MacroScope

Osborne stakes out election ground with little fiscal leeway

The annual UK budget is always a big set piece but it’s hard to remember one where there have been fewer advance leaks – indicative of a steady-as-she-goes approach by George Osborne.
Having put so much political capital into reducing the deficit, to switch now at a time when the economy is recovering strongly would be politically risky. And with debt falling only slowly there is little fiscal leeway.

That’s not to say this isn’t a big political moment. Yes there is the finance minister’s autumn statement and another budget before May 2015 elections but this is the moment when the narrative for the economy and Britons’ wellbeing is staked out.

So expect a further increase in the threshold at which income tax starts to be paid, to help the poorer, and measures to boost business investment in an attempt to rebalance the economy.
Osborne will also extend his “help to buy” housing scheme, questionable at a time when property prices are rising strongly. On the thrift front, he will announce details of a ceiling on welfare spending.

Already, the Treasury has released figures showing most workers have seen their pay rise by more than inflation in recent years, an early riposte to the opposition Labour party’s claims that while the economy may now be growing strongly most of the country doesn’t feel it because living standards are falling. Labour is ahead in the opinion polls but its lead is what pollsters call “soft”.

Osborne is also likely to herald the point at which the UK economy gets back to the size it was before the financial crisis. That could happen in this quarter or the next but it’s taken an awful long time to get there. And of course there will be plenty of blame heaped on the previous Labour government for failing to avert a financial crisis that engulfed the whole world.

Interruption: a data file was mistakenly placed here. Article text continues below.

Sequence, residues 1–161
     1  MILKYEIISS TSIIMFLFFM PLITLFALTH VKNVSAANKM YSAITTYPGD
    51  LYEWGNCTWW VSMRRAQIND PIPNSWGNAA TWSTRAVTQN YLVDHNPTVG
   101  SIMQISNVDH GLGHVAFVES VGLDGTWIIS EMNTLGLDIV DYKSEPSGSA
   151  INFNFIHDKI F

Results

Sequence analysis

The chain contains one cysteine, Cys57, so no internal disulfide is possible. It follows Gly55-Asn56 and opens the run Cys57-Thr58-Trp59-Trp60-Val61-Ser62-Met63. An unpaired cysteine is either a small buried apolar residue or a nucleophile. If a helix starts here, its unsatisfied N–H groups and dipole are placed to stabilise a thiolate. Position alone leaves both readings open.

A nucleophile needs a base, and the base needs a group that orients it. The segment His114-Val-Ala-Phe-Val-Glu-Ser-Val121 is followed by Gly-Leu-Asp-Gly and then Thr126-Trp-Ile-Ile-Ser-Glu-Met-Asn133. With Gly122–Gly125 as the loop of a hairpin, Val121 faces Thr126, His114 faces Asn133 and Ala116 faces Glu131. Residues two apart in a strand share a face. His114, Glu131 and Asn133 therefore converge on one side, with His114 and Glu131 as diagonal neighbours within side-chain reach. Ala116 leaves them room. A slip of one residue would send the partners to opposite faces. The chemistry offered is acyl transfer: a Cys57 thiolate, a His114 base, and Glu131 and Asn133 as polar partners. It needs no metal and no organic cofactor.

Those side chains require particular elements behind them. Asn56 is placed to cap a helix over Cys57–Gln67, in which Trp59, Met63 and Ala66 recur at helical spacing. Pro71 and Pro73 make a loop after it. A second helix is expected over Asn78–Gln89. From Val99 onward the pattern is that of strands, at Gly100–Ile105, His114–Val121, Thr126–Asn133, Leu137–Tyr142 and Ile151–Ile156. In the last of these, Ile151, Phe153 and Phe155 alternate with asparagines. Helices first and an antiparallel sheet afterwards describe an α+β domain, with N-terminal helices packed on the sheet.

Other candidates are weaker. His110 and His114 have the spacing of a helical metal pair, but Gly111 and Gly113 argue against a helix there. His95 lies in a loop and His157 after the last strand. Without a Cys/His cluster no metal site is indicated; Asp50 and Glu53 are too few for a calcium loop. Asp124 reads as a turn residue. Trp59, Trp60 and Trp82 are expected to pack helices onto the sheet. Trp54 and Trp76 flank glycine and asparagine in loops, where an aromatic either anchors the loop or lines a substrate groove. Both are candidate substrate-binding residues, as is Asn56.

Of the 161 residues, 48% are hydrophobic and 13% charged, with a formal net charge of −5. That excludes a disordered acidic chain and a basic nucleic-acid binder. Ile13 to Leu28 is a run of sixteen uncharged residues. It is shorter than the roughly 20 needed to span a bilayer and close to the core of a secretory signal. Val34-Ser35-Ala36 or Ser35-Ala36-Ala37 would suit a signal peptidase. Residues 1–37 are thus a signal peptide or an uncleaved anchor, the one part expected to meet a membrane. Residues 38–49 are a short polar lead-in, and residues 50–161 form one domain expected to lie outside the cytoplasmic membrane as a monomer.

Odds on Britain leaving EU shift again

Kiev has appealed for Western help to stop Moscow annexing Crimea, where a referendum on joining Russia will be held on Sunday. Ukrainian Prime Minister Arseny Yatseniuk will take that message to Washington and the United Nations.

The West says the referendum is illegal. U.S. lawmakers are preparing sanctions against Russia and European Union leaders could impose penalties, such as bans on visas for key Russian officials, as early as Monday if Vladimir Putin does not come to the negotiating table. There is no sign that he will and there is no question of western force being deployed.

Germany’s Angela Merkel is in Warsaw for talks with Prime Minister Donald Tusk. Poland has been pressing for more aggressive action while Germany – with its deep economic and energy ties to Russia – is more reluctant. But it appears the EU is moving closer to imposing sanctions.
Ed Miliband, leader of Britain’s opposition Labour party, has stated in today’s FT that he would only hold an EU referendum if there was a new transfer of power from London to Brussels.

Something must be done, but what?

With little sign of economic recovery in Europe and governments incrementally loosening their austerity drives (Britain being the exception) the focus turns to the big central banks on our patch and what more they might be able to do to foster some recovery.

With the European Central Bank meeting on Thursday, President Mario Draghi is in Shanghai saying the euro zone is on track for only a “very gradual recovery”. It’s hard to tell at a glance whether that is a rhetorical downgrade of the existing forecast for a pick-up in the second half of the year with downside risks attached. Either way, the pressure on the ECB to act again is growing.

However, don’t expect anything at its monthly meeting on Thursday, although a further interest rate cut could come this year and there is still talk of cutting the deposit rate – the return banks get for parking funds at the ECB – into negative territory to try and get them to lend. The big question is would that achieve much? Despite being in a world awash with central bank money, there is clearly a reluctance among banks to push money into the real economy. The latest data showed bank loans to euro zone businesses and households contracted for the 12th month in a row in April.

Reform hue and cry

Spanish Prime Minister Mariano Rajoy meets labour union and business leaders to discuss reforms to pensions and public institutions. After some fairly brutal cutting, Rajoy has grown more cautious. He is negotiating a new formula for calculating pension payoffs but is wary of going further for fear of sparking greater protest. And all the time, recession put the country’s debt targets further out of reach.

There’s still some pretty serious stuff on the table. Rajoy’s cabinet has proposed a “stability factor” for the pension system, which would periodically adjust pay-outs and retirement age based on economic performance, demographics and other factors. The government is also studying a major reform to public administrations that could mean numerous job cuts in the public sector at a time when unemployment is at 27 percent.